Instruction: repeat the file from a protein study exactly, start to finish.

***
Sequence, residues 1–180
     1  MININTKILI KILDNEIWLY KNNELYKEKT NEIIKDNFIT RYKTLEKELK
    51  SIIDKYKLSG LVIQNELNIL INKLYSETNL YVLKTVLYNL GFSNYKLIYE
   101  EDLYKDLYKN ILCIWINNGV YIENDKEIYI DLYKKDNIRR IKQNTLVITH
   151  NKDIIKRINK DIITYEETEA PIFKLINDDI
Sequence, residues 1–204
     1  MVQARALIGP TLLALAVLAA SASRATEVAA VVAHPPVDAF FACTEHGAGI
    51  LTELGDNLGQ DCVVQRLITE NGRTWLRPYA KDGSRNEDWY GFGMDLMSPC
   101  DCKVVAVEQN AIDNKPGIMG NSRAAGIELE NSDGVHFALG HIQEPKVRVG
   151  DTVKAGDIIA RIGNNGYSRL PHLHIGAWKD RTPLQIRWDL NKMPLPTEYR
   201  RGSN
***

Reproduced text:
Sequence, residues 1–180
     1  MININTKILI KILDNEIWLY KNNELYKEKT NEIIKDNFIT RYKTLEKELK
    51  SIIDKYKLSG LVIQNELNIL INKLYSETNL YVLKTVLYNL GFSNYKLIYE
   101  EDLYKDLYKN ILCIWINNGV YIENDKEIYI DLYKKDNIRR IKQNTLVITH
   151  NKDIIKRINK DIITYEETEA PIFKLINDDI
Sequence, residues 1–204
     1  MVQARALIGP TLLALAVLAA SASRATEVAA VVAHPPVDAF FACTEHGAGI
    51  LTELGDNLGQ DCVVQRLITE NGRTWLRPYA KDGSRNEDWY GFGMDLMSPC
   101  DCKVVAVEQN AIDNKPGIMG NSRAAGIELE NSDGVHFALG HIQEPKVRVG
   151  DTVKAGDIIA RIGNNGYSRL PHLHIGAWKD RTPLQIRWDL NKMPLPTEYR
   201  RGSN